Lam 3:20  My soul still remembers And sinks within me. 

"Far from peace"
 a "forgotten prosperity", 
a "perished" strength and hope, 
affliction, 
roaming, 
bitterness . . . the wormwood and gall.

Do any of those words or phrases apply to you this day?

If so, I invite you to meet again the unchanging, faithful love of God, whose mercies are new-to-us-in-this-particular-situation, and therefore are "surprising" !

Lam 3:21  This I recall to my mind, Therefore I have hope. 
Lam 3:22  Through the LORD's mercies we are not consumed, Because His compassions fail not. 
Lam 3:23  They are new every morning; Great is Your faithfulness. 
Lam 3:24  "The LORD is my portion," says my soul, "Therefore I hope in Him!" 
Lam 3:25  The LORD is good to those who wait for Him, To the soul who seeks Him. 
Lam 3:26  It is good that one should hope and wait quietly For the salvation of the LORD. 

When Elder Kirk and I were worshiping last Saturday at the New York State Presbytery meeting in Vestal, New York, I have to admit that the effects of getting up at 6 a.m. to check on the snowy weather, and a long night with the Brigade the evening before hit me hard around 11:30 A.M. sitting in the warm sanctuary.  I nodded off a couple times during the sermon from Ephesians 2:1-10, sorry to report, and I have a new sympathy for those of you whom I occasionally see dozing off during one of my sermons !   

But even if you doze off, I hope you get something out of each of my sermons, like I was able to catch this from the sermon at Vestal.  They went through a terrible flood from Hurricane Irene down there, a hurricane which sat over their area for eighteen hours last September.  Together with a majority of homes in their neighborhood, the flood destroyed their entire basement, with its educational, fellowship and kitchen facilities, and it is just now getting rebuilt. (If anyone would like to help out with sheetrock, a donation, or other work down there, let me know).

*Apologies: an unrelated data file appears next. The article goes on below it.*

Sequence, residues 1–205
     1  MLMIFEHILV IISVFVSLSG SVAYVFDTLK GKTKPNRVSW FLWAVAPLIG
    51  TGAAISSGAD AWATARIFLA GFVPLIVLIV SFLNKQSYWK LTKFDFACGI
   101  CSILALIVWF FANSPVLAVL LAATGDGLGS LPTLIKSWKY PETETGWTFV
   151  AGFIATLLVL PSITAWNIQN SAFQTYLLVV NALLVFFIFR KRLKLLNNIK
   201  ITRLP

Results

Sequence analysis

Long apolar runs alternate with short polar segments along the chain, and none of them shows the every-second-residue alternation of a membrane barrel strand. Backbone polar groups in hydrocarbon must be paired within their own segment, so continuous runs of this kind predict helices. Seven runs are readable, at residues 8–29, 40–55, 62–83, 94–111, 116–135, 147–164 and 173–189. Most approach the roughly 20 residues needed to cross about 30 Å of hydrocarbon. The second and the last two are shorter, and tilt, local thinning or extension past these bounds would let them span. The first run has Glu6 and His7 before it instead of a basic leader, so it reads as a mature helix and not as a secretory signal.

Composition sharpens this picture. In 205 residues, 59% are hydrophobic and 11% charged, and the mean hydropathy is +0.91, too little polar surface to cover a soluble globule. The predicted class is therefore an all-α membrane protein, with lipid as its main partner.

What Pastor Ken Thompson was saying out of Eph. 2:1-10 is that God's love has been revealed to us once and for all in the death and resurrection of Jesus Christ . . .  verses 4 and 5, But God,  is so rich in mercy, and he loved us so very much, that even while we were dead because of our sins, he gave us life when he raised Christ from the dead. (New Living Translation).  And God has continued power to meet us with His demonstrated love in all the situations of our life.

So when we go through trials like 
floods, 
illness, 
"forgotten prosperity", 
affliction, 
roaming, 
bitterness . . . the wormwood and gall, then God means us to read the love of God into a situation, rather than reading the love of God out of every situation. (This phraseology is from Tim Keller).  Some situations are so bad, some illnesses so intractable, some griefs so heavy, the misery of sin can be so heavy, that we are not meant to look at those situations and say, "Oh, that shows me God's love."  Instead we are called to learn of God's love displayed in the gospel, believe upon God's love shown at the cross, trust in the power of God's love, which has all power over death - he gave us life when he raised Christ from the dead. - -  and then we are to read God's love into a situation, and prevail through that situation hoping and waiting quietly for the salvation of the LORD. 

God's mercies are new every morning, which means that in this particular new day we face, we read God's unchanging faithful love into our day in a fresh way, because his compassions fail not.   They fail not because He gives us the spiritual life, the resilience of a Christ-formed character to encounter this day and not be overwhelmed by the floods, hoping and waiting quietly for the salvation of our God, in whatever form of that salvation God chooses to bring to us....

5:29 pm est          Comments


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Redeemer Reformed Presbyterian Church
548 Luzerne Road * Queensbury * NY * 12804 * 518-798-9794